He goes on to say a page or so later, “…by creating new technologies, we rewrite the plan of the world.” And then declares in the next paragraph, “Zero to One is about how to build companies to create new things.”

While a lot of Steve Blank’s work is formulaic, and usefully so, Peter Thiel prefers to think about business from the aspect of first principles. The future that we create is grounded in the work of today. To make that future a peaceful and prosperous one we need new technology which in turn requires new approaches. Peter Thiel’s aim is to provide an, “..exercise in thinking. Because that is what a startup has to do: question received ideas and rethink business from scratch.”

That is an ambitious goal in itself. Thinking is hard and thinking originally is very hard. In fact we only have to look around us to see that thinking is so hard that most people avoid it at all costs.

To set the scene he describes the factors that led to the Dot-Com bubble of the late nineties. As CEO of PayPal during that period he had a ringside seat as the drama unfolded. He says that there were four major lessons that entrepreneurs seem to have derived from the experiences of those dramatic times.

1.) Make incremental advances
2.) Stay lean and flexible
3.) Improve on competition
4.) Focus on product, not sales

All of these ideas seem highly sensible and lie at the heart of many a startup’s strategy for going to market. However, Peter Thiel overturns these assumptions. He replaces these four general points of business strategy with some of his own somewhat contrarian ones:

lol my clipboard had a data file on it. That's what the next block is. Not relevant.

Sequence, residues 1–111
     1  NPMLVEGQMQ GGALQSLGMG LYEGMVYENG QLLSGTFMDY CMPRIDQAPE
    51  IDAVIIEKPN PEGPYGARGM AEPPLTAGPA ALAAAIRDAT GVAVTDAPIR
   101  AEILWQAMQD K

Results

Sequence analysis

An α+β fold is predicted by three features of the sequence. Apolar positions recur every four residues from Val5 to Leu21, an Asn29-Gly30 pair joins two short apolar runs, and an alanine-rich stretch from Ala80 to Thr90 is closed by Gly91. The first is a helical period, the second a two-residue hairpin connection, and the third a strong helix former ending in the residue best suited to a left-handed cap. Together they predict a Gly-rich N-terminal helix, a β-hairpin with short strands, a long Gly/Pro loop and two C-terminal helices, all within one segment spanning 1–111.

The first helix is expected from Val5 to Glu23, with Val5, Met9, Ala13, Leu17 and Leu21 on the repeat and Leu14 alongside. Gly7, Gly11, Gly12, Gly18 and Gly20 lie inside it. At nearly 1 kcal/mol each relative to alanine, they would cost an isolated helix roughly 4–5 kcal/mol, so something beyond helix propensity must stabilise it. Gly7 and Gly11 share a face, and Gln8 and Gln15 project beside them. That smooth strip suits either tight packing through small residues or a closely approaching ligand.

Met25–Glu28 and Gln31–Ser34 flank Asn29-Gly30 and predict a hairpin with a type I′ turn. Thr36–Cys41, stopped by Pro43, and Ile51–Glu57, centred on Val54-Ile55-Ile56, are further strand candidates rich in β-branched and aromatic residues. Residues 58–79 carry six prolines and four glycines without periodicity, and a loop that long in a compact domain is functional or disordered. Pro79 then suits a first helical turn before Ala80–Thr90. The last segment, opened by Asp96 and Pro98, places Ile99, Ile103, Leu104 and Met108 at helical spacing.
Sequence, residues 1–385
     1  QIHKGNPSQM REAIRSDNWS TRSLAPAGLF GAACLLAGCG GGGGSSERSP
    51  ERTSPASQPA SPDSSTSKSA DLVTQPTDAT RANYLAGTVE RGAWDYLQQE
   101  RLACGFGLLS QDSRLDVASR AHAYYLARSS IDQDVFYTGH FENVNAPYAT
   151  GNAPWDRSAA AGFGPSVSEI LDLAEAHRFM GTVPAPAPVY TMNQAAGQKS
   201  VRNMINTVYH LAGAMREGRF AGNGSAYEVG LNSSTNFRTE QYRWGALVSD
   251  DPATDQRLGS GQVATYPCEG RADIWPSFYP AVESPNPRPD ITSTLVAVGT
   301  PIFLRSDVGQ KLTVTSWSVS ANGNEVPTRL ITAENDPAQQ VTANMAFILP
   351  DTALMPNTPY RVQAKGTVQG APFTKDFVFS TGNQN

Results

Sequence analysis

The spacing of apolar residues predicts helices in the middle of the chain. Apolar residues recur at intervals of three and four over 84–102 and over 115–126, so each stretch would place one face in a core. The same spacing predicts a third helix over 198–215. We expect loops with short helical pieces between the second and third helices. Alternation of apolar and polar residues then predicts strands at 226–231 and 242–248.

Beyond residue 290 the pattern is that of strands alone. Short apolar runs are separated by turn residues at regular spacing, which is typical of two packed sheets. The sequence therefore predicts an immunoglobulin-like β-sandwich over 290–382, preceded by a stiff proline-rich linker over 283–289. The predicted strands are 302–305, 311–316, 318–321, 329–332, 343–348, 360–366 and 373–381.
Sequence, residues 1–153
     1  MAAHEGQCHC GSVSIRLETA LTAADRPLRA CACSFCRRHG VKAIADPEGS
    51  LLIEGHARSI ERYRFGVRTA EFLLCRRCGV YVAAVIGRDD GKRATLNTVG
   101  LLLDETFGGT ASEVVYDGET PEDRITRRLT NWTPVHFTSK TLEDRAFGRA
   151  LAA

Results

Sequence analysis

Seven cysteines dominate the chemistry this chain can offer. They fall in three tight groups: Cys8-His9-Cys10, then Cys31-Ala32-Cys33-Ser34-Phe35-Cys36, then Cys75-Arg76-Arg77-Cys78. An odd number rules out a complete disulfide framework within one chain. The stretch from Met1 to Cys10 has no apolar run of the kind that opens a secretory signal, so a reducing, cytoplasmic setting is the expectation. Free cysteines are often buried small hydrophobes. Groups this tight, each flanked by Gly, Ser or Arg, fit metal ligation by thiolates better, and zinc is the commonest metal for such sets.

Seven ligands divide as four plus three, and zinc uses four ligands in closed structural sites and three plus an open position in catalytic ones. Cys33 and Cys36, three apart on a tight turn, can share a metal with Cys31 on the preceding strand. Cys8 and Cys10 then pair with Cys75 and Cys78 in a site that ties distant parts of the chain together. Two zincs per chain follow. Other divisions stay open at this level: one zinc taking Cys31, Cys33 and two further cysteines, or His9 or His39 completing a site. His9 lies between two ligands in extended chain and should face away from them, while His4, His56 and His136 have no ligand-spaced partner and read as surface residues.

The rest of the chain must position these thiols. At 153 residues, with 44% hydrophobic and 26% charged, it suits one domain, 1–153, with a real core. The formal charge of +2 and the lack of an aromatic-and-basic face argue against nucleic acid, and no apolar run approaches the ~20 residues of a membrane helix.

1.) It is better to risk boldness than triviality
2.) A bad plan is better than no plan
3.) Competitive markets destroy profits
4.) Sales matters just as much as product.

In rejecting the lessons learned from history, the same lessons that have built in Silicon Valley one of the most powerful centres of wealth creation the world has ever known, he puts forward a very coherent, consistent and challenging alternative idea. He is adamant that, “To build the next generation of companies, we must abandon the dogmas created after the crash.”

So what is wrong with most of the companies being started or built today? Lack of differentiation caused by lack of original thought is his answer.

Commodity businesses have always had it hard. You set a price and a competitor with the same or similar product can undercut you. If your product is not differentiated enough then you have no choice but to undercut them in turn. It soon becomes a race to the bottom where profits are foregone for the sake of market share. The deciding factors in such a scenario are deeper pockets and greater business efficiency. The result is invariably a mediocre, at best, product.